Capacitive Transducer Technology

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Capacitive Transducer Technology

Our capacitive transducer technology is based on a three electrode design, with the outer electrodes mechanically fixed and the center electrode movable. In most cases the center electrode is supported by flexible springs. The output signal is proportional to the displacement of the center electrode, and the maximum output voltage level is roughly equal to the drive voltage level. Strain gauge sensors have an output signal level of roughly 0.2% of the drive signal. This gives the capacitive transducer a tremendous advantage over strain gauge sensors in terms of improved signal to noise ratio, and therefore resolution.

Sensor SCM

A simple capacitive drive circuit is shown to the right. The phase 1 and phase 2 drive signals applied to the two drive plates are square wave electrical signals 180 degrees out of phase with each other. This results in a square wave signal on the pick up plate proportional to the pick up plate displacement. The phase of the signal  depends on the direction of displacement, so the demodulated output signal is positive for one direction and negative for the other.

The circuit presented above suffers from non-linearity caused by loading of the pickup signal by unavoidable parasitic capacitance Cp. The second circuit eliminates the effects of parasitic capacitance on linearity by adjusting the two drive voltages to keep the pickup voltage at zero.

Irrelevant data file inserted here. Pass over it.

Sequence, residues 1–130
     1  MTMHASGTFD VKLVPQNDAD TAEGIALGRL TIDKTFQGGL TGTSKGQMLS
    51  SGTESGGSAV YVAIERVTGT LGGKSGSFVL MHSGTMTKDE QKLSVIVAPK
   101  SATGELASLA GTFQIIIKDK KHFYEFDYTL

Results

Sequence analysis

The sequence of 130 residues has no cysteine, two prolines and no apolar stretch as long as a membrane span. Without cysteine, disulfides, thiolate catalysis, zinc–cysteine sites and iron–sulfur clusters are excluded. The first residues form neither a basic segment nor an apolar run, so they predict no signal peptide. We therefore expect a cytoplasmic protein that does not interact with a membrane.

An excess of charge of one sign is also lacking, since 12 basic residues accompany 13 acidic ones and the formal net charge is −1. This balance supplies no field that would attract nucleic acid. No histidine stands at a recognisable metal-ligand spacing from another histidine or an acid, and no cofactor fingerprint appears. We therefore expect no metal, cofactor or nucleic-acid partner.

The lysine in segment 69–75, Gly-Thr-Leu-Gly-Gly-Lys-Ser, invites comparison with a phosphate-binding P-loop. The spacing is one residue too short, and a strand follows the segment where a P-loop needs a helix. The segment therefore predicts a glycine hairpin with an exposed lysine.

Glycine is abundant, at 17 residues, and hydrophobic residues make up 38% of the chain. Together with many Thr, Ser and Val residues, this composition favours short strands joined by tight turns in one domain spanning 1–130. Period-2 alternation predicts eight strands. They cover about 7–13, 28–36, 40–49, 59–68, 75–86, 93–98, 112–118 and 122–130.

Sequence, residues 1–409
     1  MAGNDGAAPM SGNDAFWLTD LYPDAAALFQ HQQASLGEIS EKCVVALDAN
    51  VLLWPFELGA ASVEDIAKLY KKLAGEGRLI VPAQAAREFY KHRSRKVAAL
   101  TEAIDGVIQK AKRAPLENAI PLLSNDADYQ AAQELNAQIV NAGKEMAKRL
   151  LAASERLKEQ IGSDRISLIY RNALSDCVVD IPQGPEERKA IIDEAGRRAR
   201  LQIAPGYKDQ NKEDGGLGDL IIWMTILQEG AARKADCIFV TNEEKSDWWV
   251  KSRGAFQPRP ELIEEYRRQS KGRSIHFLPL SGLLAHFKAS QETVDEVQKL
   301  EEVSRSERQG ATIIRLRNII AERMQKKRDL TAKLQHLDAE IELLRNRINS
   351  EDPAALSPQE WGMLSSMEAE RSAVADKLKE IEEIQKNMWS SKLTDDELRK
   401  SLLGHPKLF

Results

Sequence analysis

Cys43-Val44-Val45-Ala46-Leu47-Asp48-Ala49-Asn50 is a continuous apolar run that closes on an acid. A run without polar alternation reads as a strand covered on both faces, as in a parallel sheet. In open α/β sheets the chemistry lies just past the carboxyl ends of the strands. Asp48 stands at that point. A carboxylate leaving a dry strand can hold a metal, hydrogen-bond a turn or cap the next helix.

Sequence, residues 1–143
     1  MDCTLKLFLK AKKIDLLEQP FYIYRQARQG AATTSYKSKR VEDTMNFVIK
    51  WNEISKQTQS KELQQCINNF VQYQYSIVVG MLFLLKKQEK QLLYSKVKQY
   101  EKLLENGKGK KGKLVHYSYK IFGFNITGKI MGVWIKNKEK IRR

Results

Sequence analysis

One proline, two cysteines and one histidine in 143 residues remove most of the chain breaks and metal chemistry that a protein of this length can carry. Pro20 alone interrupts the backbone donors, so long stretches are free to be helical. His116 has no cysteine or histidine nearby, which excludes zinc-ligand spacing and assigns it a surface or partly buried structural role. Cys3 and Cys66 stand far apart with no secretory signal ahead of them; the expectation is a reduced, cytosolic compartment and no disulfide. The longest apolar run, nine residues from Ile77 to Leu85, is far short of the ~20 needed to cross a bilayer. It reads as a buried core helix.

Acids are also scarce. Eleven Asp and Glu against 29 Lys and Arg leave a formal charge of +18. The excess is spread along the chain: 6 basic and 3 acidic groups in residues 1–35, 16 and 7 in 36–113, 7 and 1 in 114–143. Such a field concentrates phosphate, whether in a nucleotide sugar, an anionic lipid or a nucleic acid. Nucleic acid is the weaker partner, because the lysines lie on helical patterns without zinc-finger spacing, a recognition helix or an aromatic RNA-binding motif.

A third circuit variation uses a grounded moving electrode, with fixed drive and pickup electrodes on one side of the moving electrode. This allows for a simpler mechanical structure, but is not used frequently by us as the resolution is not as good, and it requires significant effort to obtain a linear output.

More details about drive circuits can be found in our US patent 6,960,945.


Without a load stem providing direct mechanical coupling the the pickup plate, the sensor acts as an accelerometer. Full scale range can vary from less than 1g to thousands of g’s. for a full scale range of a few g’s and a bandwidth of 100 Hz, a resolution of about 100 ng (0.1 micro-g) can be obtained. Even higher resolution is possible at lower bandwidth.

The size of the sensor is 0.500 x 0.500 x 0.275 inch, and the drive electronics is housed in a case that is 2.50 x 0.91 x 0.32 inch. The electronics could be substantially reduced in size if desired.

Even sensors with a full scale range of only +/- 1g can easily withstand shocks of 100’s or even 1000’s of g’s, making them ideal replacements for delicate, heavy and expensive moving coil seismometers for earthquake monitoring and oil exploration.

Sensor with case

Force Sensors

Attaching a stem to the pick up plate through a hole in the outer drive plate and its support structure allows for the application and measurement of an external force to the pickup plate. This makes the sensor function as a load cell or weigh scale, with several orders of magnitude greater resolution than strain gauge units.

The image at right is of a transducer used for nanoindentation. The transducer (rather than sensor since it generates a force internally as well as sensing displacement) uses externally supplied high voltage (up to 600V, at less than 1 mA) to generate a force which is applied to a sample. The maximum force is on the order of 10mN (1 gram). The force resolution is on the order of 10 nN and the displacement resolution is on the order of 0.1 nm.

We have no off the shelf products of this type currently available. If you have a need for something shown above, contact us to discuss what we can do for you.

Force Sensor
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